As the Authority pointed out, uniformity over the whole of the geographical area of an enlarged Community might hit the peripheral ports, those remote from the main centres of consumption. Although the Government are continuing the scheme on a flat-rate basis, I hope—and we have not heard much on this point during our exchanges—that they will look seriously at how we can subsidise those peripheral ports over the withdrawal price which has to be paid by the inshore fleet operators under a common fisheries policy.
This is conceivably the most serious aspect of that policy which does need to be renegotiated and has been overlooked in the concern, rightly expressed, over the Government's intention to start negotiations on a six-mile limit proposal. There are a number of other areas of uncertainty which point to a less rosy future for the industry.
1623 The Cameron Report on Scottish inshore fisheries has stirred up a veritable hornet's nest of criticism, understandably so when set against the background of the Common Market negotiations. I hope that opportunity will be taken tonight to explain the Government's intentions towards this Report and that the Minister will put at rest any fears that the Government intend to act upon the recommendations of the Report.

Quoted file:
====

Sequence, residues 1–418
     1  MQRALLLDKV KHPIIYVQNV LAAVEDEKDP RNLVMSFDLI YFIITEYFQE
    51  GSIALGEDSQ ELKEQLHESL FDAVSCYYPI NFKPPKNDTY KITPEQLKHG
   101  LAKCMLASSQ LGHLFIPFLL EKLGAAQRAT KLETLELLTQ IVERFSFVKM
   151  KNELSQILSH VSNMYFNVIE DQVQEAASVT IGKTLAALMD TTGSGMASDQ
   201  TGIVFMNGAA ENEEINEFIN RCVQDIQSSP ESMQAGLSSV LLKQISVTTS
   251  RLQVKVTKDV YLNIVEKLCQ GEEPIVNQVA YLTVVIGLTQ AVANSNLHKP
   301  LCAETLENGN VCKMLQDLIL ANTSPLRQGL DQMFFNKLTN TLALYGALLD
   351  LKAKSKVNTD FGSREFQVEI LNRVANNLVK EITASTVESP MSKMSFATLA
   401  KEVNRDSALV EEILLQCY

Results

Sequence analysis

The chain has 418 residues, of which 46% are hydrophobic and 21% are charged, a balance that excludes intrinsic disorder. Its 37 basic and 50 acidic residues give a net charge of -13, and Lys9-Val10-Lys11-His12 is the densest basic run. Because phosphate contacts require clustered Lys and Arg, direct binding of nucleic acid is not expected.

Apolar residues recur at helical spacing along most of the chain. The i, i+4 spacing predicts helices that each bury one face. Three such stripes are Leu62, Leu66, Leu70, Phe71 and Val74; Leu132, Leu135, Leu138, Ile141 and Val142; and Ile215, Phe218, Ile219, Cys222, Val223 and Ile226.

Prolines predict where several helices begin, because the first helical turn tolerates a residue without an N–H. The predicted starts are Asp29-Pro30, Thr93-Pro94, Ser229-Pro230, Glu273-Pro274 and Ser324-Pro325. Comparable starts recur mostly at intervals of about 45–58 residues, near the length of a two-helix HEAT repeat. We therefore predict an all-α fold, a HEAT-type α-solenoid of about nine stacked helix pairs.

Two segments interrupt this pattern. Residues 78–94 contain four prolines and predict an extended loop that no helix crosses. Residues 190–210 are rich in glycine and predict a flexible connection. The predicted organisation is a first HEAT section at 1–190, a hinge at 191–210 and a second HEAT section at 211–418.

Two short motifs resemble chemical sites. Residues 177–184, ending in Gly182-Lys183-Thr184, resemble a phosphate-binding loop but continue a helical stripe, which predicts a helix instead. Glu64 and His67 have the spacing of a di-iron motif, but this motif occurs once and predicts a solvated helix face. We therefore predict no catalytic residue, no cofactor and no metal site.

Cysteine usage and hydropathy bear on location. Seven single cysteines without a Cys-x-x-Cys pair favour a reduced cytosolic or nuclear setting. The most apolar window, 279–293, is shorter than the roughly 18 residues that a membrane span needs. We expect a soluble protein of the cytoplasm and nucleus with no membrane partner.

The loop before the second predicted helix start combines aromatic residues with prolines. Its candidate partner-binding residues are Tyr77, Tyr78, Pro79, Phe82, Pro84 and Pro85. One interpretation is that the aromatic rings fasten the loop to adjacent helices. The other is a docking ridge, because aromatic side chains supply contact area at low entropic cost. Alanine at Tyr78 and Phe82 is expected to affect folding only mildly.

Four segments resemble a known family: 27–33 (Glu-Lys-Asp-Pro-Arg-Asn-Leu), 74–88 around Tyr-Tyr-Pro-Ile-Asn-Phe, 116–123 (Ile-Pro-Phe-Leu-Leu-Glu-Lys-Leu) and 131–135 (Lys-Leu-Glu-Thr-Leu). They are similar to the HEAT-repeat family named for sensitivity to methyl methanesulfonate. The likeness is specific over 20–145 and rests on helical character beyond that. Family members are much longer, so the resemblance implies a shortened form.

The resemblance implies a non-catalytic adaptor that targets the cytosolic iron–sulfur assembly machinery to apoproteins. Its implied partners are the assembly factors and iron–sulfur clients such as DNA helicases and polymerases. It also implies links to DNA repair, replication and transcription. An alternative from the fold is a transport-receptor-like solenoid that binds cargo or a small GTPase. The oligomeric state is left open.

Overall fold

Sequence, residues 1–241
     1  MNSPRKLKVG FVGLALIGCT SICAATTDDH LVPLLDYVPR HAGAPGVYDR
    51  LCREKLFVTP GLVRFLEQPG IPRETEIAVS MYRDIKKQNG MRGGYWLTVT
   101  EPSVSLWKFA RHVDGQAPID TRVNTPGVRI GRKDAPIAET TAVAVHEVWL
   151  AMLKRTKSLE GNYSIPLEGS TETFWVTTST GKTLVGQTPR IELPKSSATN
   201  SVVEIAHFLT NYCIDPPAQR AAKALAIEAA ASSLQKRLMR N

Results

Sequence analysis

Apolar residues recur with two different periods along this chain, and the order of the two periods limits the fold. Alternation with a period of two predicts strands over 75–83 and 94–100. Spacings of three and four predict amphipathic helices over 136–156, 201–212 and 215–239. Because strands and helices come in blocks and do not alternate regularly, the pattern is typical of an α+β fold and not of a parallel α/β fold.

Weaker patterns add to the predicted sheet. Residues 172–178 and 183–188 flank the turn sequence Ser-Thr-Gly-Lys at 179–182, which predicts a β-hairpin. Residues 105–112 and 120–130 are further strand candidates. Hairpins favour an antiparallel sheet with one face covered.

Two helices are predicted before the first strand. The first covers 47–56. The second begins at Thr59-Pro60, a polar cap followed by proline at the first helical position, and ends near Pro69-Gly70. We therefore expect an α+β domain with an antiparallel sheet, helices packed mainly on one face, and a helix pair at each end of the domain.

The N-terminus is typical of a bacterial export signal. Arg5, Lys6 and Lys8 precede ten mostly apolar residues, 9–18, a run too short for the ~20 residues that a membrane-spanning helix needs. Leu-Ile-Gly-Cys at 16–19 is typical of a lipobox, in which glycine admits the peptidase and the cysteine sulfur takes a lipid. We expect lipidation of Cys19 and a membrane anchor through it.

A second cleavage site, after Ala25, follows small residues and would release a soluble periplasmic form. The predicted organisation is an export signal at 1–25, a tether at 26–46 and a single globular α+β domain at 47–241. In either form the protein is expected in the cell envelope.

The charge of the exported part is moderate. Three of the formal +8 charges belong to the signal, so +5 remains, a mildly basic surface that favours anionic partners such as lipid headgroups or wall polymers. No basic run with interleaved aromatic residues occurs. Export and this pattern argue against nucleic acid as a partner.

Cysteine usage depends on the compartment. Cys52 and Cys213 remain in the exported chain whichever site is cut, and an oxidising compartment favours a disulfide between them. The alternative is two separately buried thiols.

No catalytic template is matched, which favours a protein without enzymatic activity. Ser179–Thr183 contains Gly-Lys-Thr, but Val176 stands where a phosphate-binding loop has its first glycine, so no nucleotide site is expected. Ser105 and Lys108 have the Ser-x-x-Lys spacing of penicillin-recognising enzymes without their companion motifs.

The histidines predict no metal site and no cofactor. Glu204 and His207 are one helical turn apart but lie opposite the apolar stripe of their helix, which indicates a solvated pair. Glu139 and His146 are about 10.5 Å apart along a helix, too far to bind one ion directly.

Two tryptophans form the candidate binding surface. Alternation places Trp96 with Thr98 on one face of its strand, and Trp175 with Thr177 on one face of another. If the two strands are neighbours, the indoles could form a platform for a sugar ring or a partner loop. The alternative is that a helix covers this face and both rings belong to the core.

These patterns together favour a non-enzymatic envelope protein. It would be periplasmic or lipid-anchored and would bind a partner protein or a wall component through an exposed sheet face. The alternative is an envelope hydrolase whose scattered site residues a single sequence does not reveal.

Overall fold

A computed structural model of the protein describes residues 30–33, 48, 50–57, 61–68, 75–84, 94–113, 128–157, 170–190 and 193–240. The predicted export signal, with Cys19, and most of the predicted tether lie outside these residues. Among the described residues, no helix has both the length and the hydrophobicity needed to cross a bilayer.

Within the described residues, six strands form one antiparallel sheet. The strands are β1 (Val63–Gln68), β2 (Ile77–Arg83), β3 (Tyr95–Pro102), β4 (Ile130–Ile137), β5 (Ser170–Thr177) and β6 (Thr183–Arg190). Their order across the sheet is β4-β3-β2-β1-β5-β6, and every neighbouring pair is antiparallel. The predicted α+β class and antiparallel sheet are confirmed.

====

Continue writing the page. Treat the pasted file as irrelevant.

This is not the time or place to seek to elucidate the Government's position over negotiations for entry into the Common Market but it is appropriate to say in a debate in which the general condition of the fishing industry is being considered that no form of operating subsidy of the kind we are considering could possibly make good the potential depredations on our fisheries if the waters round our coasts are not adequately protected, if we do not have adequate conservation and control of fishing in the area up to the existing 12-mile limit.
There can be no satisfaction until the Government have explained their general negotiating posture and are prepared to spell out what sort of protection and control they would seek to exert in the area between the six- and 12-mile limits, if that is the finally agreed position.
The Minister referred to the generally inflationary situation and how it has affected the profitability of the industry. One must accept that the profits have risen, despite increasing costs, but perhaps he or his hon. Friend would say a few words about the expectations for the industry in the forthcoming year when these subsidies will be operative. There are concerns in the industry that the rising price of fish may seriously affect patterns of consumption and may lead to some reduction in the market. It would be valuable to know whether the Minister shares the view that there may be a contracting domestic market for our fish and, if so, what he proposes to do about it.